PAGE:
Many gap fill layers lack an adequate ability to flow so as to consistently cover high aspect ratio gaps and other step formations, resulting in unacceptable coverage, e.g., smaller gaps may still remain between the gap fill layer and the structure intended to be covered. For example, FIG. 2 shows a prior art layer 90 lacking adequate flow characteristics to completely conform to the topography of the stepped stack that it is applied over. The lack of flowability translates to a lack of conformability, with a greater buildup of the layer on the tops of the interconnects 92 forming areas of increased thickness 100. Also, the areas overlying the gaps are depressed so that the resulting topography of the layer 90 is not flat on top or conforming to the underlying topography. As for the gaps, the lack of flowability of the layer 90 causes it to leave gaps 98, which, although smaller than the gaps prior to adding the filling layer 90, are detrimental to the functioning and/or performance of the finished semiconductor product. Although FIG. 2 shows an example of a conventional stack in which aluminum interconnects 92 are deposited on a dielectric layer 94 overlying a substrate 96, it is noted that the same type of filling problems arise in stacks produced according to damascene and dual damascene techniques using copper, i.e., uneven filling layer thicknesses, lack of flatness of the filling layer, voids in the trenches and/or vias.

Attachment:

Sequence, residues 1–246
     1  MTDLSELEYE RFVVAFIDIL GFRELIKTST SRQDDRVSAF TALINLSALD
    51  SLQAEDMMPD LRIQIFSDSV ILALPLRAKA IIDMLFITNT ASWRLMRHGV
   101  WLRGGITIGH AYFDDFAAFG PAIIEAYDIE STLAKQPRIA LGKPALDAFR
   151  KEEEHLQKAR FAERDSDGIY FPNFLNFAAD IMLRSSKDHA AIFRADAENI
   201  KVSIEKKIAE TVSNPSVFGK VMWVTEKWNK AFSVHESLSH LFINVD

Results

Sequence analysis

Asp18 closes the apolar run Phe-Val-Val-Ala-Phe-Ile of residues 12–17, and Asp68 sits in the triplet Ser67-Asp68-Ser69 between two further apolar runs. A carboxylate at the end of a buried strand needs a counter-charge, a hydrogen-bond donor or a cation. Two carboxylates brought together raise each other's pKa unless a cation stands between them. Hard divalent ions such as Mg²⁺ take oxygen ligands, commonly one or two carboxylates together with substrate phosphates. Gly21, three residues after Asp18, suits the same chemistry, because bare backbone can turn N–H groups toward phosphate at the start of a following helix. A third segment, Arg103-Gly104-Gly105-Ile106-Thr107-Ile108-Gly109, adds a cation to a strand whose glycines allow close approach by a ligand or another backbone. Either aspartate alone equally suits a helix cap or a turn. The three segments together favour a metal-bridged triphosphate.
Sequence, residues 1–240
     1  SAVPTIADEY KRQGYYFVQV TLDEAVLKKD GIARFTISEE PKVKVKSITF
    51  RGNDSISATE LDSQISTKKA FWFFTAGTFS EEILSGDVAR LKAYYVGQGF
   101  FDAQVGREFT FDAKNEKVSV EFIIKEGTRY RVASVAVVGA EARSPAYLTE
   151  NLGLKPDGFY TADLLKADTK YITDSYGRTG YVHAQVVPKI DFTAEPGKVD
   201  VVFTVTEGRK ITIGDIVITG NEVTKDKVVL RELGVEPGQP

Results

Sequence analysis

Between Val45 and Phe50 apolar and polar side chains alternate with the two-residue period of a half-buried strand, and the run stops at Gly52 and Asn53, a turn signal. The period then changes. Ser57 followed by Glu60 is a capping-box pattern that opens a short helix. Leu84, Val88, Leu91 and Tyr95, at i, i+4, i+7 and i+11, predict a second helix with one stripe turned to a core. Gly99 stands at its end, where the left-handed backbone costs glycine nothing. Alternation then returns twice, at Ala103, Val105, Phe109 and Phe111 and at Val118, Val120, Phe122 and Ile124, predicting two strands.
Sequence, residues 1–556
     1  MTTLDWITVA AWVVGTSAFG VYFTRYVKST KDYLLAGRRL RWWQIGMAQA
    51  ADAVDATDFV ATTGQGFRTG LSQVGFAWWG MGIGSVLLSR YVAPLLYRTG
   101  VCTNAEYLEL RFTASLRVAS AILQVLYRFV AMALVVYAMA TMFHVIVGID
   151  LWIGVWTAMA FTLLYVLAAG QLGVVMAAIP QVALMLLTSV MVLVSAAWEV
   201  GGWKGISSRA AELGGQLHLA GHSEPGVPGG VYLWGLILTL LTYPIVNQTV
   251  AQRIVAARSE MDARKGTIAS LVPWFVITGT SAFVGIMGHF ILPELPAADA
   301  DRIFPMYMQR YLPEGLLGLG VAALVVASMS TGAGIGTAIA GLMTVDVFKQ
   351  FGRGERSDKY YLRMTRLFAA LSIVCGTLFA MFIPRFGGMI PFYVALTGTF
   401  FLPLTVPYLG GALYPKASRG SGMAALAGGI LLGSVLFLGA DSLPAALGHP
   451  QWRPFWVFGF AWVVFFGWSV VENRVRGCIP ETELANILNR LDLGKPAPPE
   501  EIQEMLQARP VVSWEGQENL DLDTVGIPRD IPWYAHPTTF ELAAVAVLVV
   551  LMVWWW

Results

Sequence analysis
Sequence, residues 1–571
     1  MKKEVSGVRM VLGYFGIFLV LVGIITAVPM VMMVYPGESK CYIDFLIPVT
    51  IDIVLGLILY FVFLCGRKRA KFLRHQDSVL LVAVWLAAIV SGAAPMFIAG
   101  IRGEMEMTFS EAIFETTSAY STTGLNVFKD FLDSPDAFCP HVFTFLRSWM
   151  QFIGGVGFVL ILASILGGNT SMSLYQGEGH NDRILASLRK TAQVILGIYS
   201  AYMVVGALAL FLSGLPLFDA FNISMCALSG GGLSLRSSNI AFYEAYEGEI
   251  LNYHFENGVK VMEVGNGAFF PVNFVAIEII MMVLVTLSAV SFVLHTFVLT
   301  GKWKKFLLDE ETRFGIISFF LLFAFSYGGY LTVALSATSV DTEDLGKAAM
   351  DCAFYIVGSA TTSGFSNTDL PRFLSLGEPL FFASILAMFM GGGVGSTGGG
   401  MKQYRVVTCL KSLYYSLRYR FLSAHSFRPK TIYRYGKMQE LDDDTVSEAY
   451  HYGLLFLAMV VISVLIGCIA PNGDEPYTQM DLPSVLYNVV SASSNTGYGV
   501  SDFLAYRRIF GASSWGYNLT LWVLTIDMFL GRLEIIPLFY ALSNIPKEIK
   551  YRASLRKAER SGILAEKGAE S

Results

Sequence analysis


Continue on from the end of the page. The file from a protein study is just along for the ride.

Additionally, when aspect ratios (i.e., height to width ratio of a gap) of the gaps are greater than those shown in FIG. 2, e.g., greater than about 2:1 and currently up to about 10:1, voids 102 can be left in the gaps as a result of the inability of the layer 90 to even reach the bottom of the gaps, as shown in FIG. 4. Again, this problem occurs with both conventional techniques as well as with damascene and dual damascene techniques employed with copper.